Supreme Court Will Tackle Case on Whether It’s Okay to Lie in Political Ads


A lie can get halfway around the world before the truth can put its boots on, but should the government give the truth boots a head start? The Supreme Court is taking on that very issue in the upcoming months: whether the government has a right to police “false speech” in political advertising, specifically concerning the case of an anti-abortion group that wanted to put up a billboard going after an Ohio Democrat’s abortion voting record.

Back in 2010, Susan B. Anthony List wanted to run a billboard targeting Steve Driehaus for his abortion record, with the proposed message “Shame on Steve Driehaus! Driehaus voted FOR taxpayer-funded abortion.” Driehaus complained, and the billboard was not put up.

There’s been a fierce legal battle back and forth for years about this, and finally the Supreme Court is taking it up. Now, Susan B. Anthony List insists that the ad is not false, but the case they took to the Supreme Court is based on the premise that “false” political speech should be criminalized.

Today the Supreme Court of the United States announced it will consider the Susan B. Anthony List (SBA List) petition involving a First Amendment challenge to Ohio’s “false statement” law, which criminalizes “false” political speech and empowers a state agency to determine what constitutes true and false political speech…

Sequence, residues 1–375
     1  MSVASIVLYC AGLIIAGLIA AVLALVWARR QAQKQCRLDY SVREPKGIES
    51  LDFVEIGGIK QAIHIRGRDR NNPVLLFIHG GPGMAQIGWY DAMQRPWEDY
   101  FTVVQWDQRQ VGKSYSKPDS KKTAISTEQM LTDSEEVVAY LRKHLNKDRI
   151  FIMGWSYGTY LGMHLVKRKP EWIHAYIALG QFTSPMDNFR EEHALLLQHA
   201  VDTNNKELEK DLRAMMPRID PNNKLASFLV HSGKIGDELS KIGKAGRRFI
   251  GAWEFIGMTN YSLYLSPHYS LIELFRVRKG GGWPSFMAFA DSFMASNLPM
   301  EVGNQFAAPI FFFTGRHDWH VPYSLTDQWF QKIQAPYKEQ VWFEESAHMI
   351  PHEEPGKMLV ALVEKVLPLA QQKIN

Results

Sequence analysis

“We are thrilled at the opportunity to have our arguments heard at the Supreme Court and hope that not only will SBA List’s First Amendment rights be affirmed, but those of all Americans,” said Marjorie Dannenfelser, President of SBA List. “The Ohio Election Commission statute demonstrates complete disregard for the Constitutional right of citizens to criticize their elected officials.”

Susan B. Anthony List touts support from the ACLU which has, since this case began in 2010, taken the position that the law in question essentially makes the government the arbiter of deciding what constitutes truth in political advertising, which they say would create a dangerous precedent.


[photo via Shutterstock]

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Josh Feldman is a Senior Editor at Mediaite. Email him here: Follow him on Twitter: @feldmaniac